In TCM, just like in western medicine, the liver is responsible for metabolizing waste products and detoxifying the blood. In addition, the liver is also given a special function of making sure that “energy” flows smoothly and correctly throughout the body. Although energy or “Qi” (pronounced chi) as it’s called in TCM may be a foreign concept to our contemporary paradigm, it is easy to understand what it feels like when energy flows smoothly or doesn’t.
Imagine you are driving along the highway and suddenly encounter a roadblock or traffic jam. Even though you may not be in a hurry, the lack of momentum or movement of energy can make you feel anything from anxious and tense to annoyed and even angry.
Similarly, if the liver is not functioning optimally, or if too many things to process burden it, it too may become congested or overloaded. This can lead to a number of symptoms such as digestive issues, weight gain, headaches, feeling sluggish or tired, or even feelings of annoyance, impatience, or anger. This situation is called “Liver Qi Stagnation” in TCM, and in more pronounced cases, this state can lead to more significant problems such as seasonal allergies, high blood pressure, reproductive problems (in both men and women) as well as the experience of depression and anxiety.
Fortunately, there are a number of simple things we can do to supplement our bodies as well as counteract and even prevent these sorts of problems from arising during the springtime. Here are a few things you can do to make sure you have the most comfortable, enjoyable time during the season.
Get outside and enjoy the season.
One of the best ways to adjust to any season is to spend time outside and take in the weather. This allows your body to acclimate to the season at hand, as well as enjoy the unique things each season has to offer. This is even more important during the spring and summer months. Increased activity, fresh air, and sunlight all help to reset our internal clocks and attune ourselves to the warming weather. In addition, what nature offers in terms of colors (especially green) and fragrances from flowering plants are scintillating to the senses and help to balance the functioning of the liver, according to TCM.
When getting outside, it’s important to make sure you dress comfortably. Although you may be tempted to put away your winter coat and jacket as soon as possible, make sure you dress warmly enough to prevent getting chilled. This allows your body to gently adapt to the significant changes in weather which occur this time of year. In addition, in TCM, in the springtime, the liver is said to be affected by “wind,” more than at other times of the year. “Wind,” in this case, refers to the system’s abnormal functioning, which can lead to compromised immunity. In other words, just like in the fall, our bodies are more susceptible to getting sick. One easy way to protect yourself is to keep your neck and the back of your head warm with a scarf or shawl. Besides being a protective measure, a scarf is always a great accessory to any outfit.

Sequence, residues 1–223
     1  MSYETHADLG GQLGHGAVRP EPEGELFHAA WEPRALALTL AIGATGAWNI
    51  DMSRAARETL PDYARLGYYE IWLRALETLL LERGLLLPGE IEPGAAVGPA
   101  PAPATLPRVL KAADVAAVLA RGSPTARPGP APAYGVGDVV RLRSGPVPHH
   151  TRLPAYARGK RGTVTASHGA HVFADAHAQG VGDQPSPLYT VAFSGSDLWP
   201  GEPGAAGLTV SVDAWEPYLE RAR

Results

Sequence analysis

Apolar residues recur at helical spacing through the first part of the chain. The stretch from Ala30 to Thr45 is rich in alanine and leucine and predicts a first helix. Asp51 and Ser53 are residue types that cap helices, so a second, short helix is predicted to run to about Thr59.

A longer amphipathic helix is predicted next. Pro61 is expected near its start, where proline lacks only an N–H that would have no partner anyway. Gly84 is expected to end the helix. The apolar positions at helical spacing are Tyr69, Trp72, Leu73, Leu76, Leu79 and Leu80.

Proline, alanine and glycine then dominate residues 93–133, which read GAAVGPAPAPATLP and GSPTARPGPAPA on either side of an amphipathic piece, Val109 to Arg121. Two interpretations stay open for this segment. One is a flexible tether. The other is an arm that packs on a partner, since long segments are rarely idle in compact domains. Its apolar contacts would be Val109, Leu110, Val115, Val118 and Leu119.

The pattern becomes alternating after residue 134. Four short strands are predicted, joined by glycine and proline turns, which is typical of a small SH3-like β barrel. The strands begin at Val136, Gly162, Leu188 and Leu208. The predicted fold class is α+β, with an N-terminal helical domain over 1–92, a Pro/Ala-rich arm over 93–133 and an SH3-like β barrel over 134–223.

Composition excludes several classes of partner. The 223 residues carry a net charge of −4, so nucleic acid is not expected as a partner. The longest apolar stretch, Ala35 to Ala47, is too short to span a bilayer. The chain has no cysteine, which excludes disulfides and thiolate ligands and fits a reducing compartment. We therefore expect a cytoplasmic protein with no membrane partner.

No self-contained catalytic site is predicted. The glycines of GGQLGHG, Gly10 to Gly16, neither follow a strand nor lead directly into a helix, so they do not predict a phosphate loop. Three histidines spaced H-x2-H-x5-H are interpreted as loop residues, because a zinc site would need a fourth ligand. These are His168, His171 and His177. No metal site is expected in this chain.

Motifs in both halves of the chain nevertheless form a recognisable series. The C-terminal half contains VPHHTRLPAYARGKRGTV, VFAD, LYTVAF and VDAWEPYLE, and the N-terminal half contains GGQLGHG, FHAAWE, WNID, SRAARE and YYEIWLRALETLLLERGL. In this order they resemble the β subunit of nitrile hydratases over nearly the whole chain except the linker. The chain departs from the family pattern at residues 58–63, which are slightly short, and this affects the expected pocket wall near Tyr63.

Adjust your diet.
We all indulge in the winter, particularly during the holidays, and that is not necessarily a bad thing. In the winter, our bodies need extra food, as well as dense foods to help keep us warm and fortified against the cold. However, it’s essential to shed the extra weight and density we may have acquired during the colder months in the spring and summer. Fortunately, nature gives us plenty of options when it comes to foods that are lighter and help us accomplish this. Here are some easy ways you can adjust your diet to help the transition into the warmer months:
Although you can pretty much get any type of food any time of the year, paying attention to what is available in your local environment and eating those foods can significantly improve how your body functions within each season.
During this time, the main foods, such as leafy greens and fresh spring vegetables, help to detoxify the liver and rejuvenate the entire digestive system. In addition, these foods are lighter and contain fewer calories, so adding them to your diet now can aid in shedding any extra pounds which may have accumulated during the winter months. Whatever your preference, the spring offers so many great options. Try incorporating some of the following foods in your diet daily throughout the spring season.
Asparagus is not only delicious but both nourishing and cleansing to the system. It is also a diuretic, meaning it naturally eliminates excess water in the system. According to TCM, eating asparagus can help cleanse the arteries as well as strengthen the lungs.